Failure to take media training advice has cost Aaron Gilmore

Posted May 10, 2013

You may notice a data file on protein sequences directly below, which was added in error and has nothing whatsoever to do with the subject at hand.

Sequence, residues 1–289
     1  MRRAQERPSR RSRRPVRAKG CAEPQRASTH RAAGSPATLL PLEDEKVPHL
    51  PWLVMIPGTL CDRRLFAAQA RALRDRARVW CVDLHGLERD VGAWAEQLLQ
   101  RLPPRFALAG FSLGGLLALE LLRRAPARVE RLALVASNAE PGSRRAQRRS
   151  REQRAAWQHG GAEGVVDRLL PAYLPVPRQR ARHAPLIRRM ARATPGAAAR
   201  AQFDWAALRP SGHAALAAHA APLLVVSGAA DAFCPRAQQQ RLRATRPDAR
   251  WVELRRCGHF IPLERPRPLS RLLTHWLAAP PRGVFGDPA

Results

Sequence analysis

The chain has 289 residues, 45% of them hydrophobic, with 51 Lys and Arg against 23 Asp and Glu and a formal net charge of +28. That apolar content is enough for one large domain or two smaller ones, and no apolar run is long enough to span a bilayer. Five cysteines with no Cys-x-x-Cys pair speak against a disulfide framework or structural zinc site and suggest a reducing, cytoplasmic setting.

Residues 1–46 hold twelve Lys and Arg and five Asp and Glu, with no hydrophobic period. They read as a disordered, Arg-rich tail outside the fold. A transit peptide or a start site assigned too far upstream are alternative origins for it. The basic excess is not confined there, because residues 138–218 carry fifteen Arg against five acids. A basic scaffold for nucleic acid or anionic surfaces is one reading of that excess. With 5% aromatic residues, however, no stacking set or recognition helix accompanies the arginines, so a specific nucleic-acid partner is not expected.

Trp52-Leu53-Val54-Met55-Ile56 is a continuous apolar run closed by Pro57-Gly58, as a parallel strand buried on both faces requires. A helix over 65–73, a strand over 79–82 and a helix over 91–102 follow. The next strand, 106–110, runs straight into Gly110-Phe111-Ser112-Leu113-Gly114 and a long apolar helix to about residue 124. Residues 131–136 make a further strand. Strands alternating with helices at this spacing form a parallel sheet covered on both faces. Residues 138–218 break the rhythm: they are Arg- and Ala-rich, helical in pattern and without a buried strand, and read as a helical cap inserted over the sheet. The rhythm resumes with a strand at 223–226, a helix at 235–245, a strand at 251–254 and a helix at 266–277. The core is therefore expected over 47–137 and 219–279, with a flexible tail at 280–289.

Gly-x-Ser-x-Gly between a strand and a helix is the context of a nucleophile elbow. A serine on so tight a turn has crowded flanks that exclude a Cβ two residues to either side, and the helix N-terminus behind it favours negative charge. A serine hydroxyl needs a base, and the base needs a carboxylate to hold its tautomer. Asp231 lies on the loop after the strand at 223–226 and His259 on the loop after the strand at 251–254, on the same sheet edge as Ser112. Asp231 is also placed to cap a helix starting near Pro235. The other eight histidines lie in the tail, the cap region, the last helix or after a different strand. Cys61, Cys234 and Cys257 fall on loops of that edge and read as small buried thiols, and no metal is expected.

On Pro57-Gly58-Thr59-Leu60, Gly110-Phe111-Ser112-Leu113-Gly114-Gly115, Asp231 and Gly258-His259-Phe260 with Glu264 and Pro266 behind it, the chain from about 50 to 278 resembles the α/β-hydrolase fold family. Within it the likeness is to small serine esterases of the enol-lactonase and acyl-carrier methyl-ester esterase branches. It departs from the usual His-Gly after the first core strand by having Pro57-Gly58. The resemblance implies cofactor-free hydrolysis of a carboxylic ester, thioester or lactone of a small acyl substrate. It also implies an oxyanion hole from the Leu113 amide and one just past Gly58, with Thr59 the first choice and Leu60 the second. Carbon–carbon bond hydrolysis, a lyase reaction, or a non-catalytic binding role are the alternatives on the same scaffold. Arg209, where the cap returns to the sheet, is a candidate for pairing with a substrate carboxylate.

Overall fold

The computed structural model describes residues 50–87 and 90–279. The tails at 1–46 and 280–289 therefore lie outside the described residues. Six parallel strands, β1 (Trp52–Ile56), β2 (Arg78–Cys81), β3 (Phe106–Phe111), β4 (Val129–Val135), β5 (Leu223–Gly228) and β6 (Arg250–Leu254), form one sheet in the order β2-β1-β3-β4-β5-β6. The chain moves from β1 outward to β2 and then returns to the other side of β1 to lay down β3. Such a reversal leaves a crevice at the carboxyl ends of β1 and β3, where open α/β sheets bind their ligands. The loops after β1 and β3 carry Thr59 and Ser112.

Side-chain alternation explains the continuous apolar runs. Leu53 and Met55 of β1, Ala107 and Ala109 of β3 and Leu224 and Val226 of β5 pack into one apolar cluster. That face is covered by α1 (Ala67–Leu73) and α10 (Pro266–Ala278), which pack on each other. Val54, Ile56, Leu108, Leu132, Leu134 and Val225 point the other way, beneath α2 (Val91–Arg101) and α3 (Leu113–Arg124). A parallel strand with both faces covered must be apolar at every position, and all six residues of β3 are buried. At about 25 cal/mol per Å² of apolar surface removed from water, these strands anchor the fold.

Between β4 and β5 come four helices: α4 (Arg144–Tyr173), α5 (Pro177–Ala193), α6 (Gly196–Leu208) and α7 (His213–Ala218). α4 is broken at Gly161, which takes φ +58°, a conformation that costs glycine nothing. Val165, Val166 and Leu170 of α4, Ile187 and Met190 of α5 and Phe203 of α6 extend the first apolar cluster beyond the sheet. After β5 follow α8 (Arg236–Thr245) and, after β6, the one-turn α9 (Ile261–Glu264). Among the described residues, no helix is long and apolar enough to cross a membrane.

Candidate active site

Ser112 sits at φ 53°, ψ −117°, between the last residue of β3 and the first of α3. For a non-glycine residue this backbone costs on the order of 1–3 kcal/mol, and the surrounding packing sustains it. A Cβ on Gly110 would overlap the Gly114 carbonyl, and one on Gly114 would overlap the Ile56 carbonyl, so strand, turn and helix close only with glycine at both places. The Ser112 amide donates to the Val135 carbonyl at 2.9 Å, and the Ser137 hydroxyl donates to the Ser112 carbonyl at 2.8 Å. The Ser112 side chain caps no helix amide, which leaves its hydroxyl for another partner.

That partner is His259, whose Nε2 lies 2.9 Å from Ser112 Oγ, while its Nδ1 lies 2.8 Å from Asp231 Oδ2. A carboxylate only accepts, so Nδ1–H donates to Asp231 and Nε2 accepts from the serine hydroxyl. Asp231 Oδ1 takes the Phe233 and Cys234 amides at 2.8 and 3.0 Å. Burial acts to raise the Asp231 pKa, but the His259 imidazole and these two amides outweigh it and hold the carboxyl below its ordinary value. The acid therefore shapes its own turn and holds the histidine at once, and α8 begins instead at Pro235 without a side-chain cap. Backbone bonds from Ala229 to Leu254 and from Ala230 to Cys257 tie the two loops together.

Last week I said Aaron Gilmore's behaviour was not a hanging offence, but his failure to take the most basic media training advice has now left him in a hopeless situation. Any media training expert would have advised him to front a press conference the day his behaviour became news, and told the whole truth, followed by a sincere apology. A drive to Hanmer Springs to apologise personally to the barman would have been a good idea also. Some commentators are now saying Gilmore has been dealt with too harshly because everyone has made a full of themselves after a few drinks. What they forget is that this is no longer about the incident itself. It's about Gilmore's credibility. From a media training perspective, people are forgiving of mistakes, but only if they are admitted quickly and apologised for. But text message evidence now suggests that Gilmore wasn't telling the whole truth when he did apologise, and he did in fact threaten to get the Prime Minister involved in sacking the barman. Gilmore has still not been able to convince Key that his version of events was the correct one. If Gilmore had taken the correct media training advice and fessed up immediately, questions like this about his credibility would never have been asked. And while the story may have dragged on for a few days, it's now been two weeks. It has also been in the week before the Budget when Government's like to generate positive media coverage for their many pre-Budget announcements. But with the Gilmore issue hogging the headlines, these good news announcements have either been buried on the inside pages, or ignored entirely.
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